This content is not included in your SAE MOBILUS subscription, or you are not logged in.
Crevice Corrosion Accelerated Test for Cylinder Head/Gasket/Monoblock Assemblies from Lightweight Engines Considering Overheating Effects
ISSN: 0148-7191, e-ISSN: 2688-3627
To be published on April 14, 2020 by SAE International in United States
This content contains downloadable datasetsAnnotation ability available
Severe crevice corrosion occurring at the joint of cylinder head/gasket/mono-block from lightweight engines causes accelerated dissolution of lightweight material, in particular, in the cylinder head. It facilitates the linking of cooling vessels with the combustion chambers or oil vessels in both the cylinder head and monoblock. It is conductive to combustion of coolant or oil, and contamination of oil with coolant or vice versa, which is considered as catastrophic engine failure. Since crevice corrosion is dependent of assembly characteristics, coolant and engine operation conditions, full-scale tests are the most frequent alternative for this type of evaluations. Nonetheless, they are very long and expensive, and sometimes, unreliable. Alternatively, the standard procedure ASTM-G78 is widely used to evaluate accelerated crevice corrosion of different metallic materials under certain specified immersion conditions using a corrosive media. However, this method does not cover the characteristics and conditions existing at the cylinder head/gasket/mono-block joint. This paper presents an accelerated test consisting on three-electrode cyclic potentiodynamic anodic polarization and polarization resistance standard tests using special assembly samples to replicate the actual cylinder head/gasket/mono-block joint conditions in a corrosive solution. Four lightweight materials (Al-Si-Cu alloys) extracted from different cylinder heads, and a typical cylinder head gasket were used to prepare the specimens. Before the corrosion test, samples were subjected to thermal cycles at 200 and 400°C, respectively, to replicate engine overheating situations. The test duration for each specimen, excluding sample preparation, was around 4 hours allowing the formation of localized crevice corrosion areas at the sealing gap of the samples while obtaining information of corrosion rate and electrochemical behavior. This test could be potentially used to evaluate a wide range of materials, gaskets, coolants, set or assembly parameters, etc., especially for engine durability purposes.
- Leonardo Farfan-Cabrera - Tecnologico de Monterrey, EIC, Puebla
- Gerardo Rodríguez-Bravo - Instituto Politecnico Nacional Esime Zac
- Roberto Vega-Moron - Instituto Politecnico Nacional Esime Zac
- César Reséndiz Calderón - Tecnologico de Monterrey EIC CEM
- Jesús Godínez-Salcedo - Instituto Politécnico Nacional ESIQIE
CitationFarfan-Cabrera, L., Rodríguez-Bravo, G., Vega-Moron, R., Reséndiz Calderón, C. et al., "Crevice Corrosion Accelerated Test for Cylinder Head/Gasket/Monoblock Assemblies from Lightweight Engines Considering Overheating Effects," SAE Technical Paper 2020-01-1067, 2020.
Data Sets - Support Documents
|[Unnamed Dataset 1]|
- Hamada, N. and Suzuki, K. , “A Study on Corrosion Occurring at the Sealing Gap between Aluminum Alloy and Rubber Gasket,” SAE Technical Papers 2014-01-0997, 2014, https://doi.org/10.4271/2014-01-0997.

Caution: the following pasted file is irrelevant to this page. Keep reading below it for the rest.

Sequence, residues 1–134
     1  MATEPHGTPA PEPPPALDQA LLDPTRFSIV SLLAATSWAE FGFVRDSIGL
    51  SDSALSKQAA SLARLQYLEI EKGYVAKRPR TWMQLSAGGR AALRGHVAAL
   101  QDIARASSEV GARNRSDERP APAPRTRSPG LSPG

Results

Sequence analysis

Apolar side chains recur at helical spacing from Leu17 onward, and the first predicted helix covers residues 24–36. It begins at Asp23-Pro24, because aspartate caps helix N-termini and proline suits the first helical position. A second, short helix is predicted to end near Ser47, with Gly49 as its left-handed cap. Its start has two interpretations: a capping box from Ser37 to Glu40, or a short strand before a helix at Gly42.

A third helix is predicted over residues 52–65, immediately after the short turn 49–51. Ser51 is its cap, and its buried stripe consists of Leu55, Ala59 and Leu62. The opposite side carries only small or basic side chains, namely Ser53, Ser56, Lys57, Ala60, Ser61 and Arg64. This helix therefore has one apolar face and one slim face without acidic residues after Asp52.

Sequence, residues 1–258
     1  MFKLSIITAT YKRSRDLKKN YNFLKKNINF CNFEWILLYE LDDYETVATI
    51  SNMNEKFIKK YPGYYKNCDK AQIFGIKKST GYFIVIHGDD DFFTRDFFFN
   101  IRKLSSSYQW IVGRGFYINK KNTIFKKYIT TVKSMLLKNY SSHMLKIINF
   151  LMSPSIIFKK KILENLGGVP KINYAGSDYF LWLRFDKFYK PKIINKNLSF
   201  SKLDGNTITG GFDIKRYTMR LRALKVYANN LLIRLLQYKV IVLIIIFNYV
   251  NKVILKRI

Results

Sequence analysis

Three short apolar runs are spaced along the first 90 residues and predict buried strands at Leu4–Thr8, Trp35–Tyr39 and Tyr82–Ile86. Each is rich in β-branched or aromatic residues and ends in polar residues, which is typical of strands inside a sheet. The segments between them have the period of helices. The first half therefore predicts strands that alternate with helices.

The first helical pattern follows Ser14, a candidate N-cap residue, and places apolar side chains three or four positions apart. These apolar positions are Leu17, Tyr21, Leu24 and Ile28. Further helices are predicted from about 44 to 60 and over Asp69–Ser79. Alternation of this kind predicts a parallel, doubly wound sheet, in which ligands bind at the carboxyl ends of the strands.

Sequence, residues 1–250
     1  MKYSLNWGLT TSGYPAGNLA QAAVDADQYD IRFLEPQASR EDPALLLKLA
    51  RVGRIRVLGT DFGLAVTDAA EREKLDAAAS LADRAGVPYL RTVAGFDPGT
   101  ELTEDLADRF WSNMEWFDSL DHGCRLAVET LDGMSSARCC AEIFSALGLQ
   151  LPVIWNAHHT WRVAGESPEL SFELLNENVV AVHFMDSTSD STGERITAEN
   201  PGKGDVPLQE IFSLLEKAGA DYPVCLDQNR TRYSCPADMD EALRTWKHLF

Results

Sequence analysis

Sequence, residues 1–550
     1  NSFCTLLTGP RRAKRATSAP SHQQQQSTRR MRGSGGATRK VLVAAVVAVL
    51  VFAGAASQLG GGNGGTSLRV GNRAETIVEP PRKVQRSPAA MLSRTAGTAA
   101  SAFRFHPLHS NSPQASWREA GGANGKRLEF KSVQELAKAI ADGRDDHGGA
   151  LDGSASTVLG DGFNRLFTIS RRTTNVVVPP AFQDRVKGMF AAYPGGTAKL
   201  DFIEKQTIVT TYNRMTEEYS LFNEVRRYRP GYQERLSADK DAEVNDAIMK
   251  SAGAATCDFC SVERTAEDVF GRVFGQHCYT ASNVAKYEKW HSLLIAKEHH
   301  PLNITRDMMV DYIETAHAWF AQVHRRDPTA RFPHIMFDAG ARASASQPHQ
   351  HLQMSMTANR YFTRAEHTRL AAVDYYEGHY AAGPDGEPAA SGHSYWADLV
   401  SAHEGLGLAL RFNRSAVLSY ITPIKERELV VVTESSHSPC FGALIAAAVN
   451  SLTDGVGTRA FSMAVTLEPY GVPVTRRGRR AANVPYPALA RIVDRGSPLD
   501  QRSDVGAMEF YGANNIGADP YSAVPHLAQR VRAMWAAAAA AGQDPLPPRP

- Fontana, M. , Corrosion Engineering (New York: McGraw-Hill, 1990).
- Daugherty, M.W. and Koenig, R.F. , “Service Tests Solve Aluminum Cylinder Head Corrosion Problems,” SAE Technical Papers 490093, 1949, https://doi.org/10.4271/490093.
- Baba, H. and Katada, Y. , “Effect of Nitrogen on Crevice Corrosion in Austenitic Stainless Steel,” Corrosion Science 48(9):2510-2524, 2006, doi:10.1016/j.corsci.2005.09.010.
- Nagarajan, S. and Rajendran, N. , “Crevice Corrosion Behaviour of Superaustenitic Stainless Steels: Dynamic Electrochemical Impedance Spectroscopy and Atomic Force Microscopy Studies,” Corrosion Science 51(2):217-224, 2009, doi:10.1016/j.corsci.2008.11.008.
- Cai, B., Liu, Y., Tian, X., Wang, F. et al. , “An Experimental Study of Crevice Corrosion Behaviour of 316L Stainless Steel in Artificial Seawater,” Corrosion Science 52(10):3235-3242, 2010, doi:10.1016/j.corsci.2010.05.040.
- Ortíz, M.R., Rodríguez, M.A., Carranza, R.M., and Rebak, R.B. , “Determination of the Crevice Corrosion Stabilization and Repassivation Potentials of a Corrosion-Resistant Alloy,” Corrosion 66(10):105002-105002, 2010, doi:10.5006/1.3500830.
- Nystrom, E.A. , “An Approach for Estimating Anodic Current Distributions in Crevice Corrosion from Potential Measurements,” Journal of The Electrochemical Society 141(2):358-361, 1994, doi:10.1149/1.2054731.
- Cho, K. , “Demonstration of Crevice Corrosion in Alkaline Solution without Acidification,” Journal of the Electrochemical Society 137(10):3313-3314, 1990, doi:10.1149/1.2086211.
- Abdulsalam, M.I. and Pickering, H.W. , “Effect of the Applied Potential on the Potential and Current Distributions within Crevices in Pure Nickel,” Corrosion Science 41(2):351-372, 1998, doi:10.1016/s0010-938x(98)00103-6.
- Al-Zahrani, A. and Pickering, H. , “IR Voltage Switch in Delayed Crevice Corrosion and Active Peak Formation Detected Using a Repassivation-Type Scan,” Electrochimica Acta 50(16-17):3420-3435, 2005, doi:10.1016/j.electacta.2004.12.017.
- Karayan, A.I., Guerrero, J.E., and Castaneda, H. , “Single-Boss Crevice Former for Studying Crevice Corrosion of UNS S32003 in Chloride-Containing Solution at High Temperature,” Journal of Alloys and Compounds 619:544-552, 2015, doi:10.1016/j.jallcom.2014.09.060.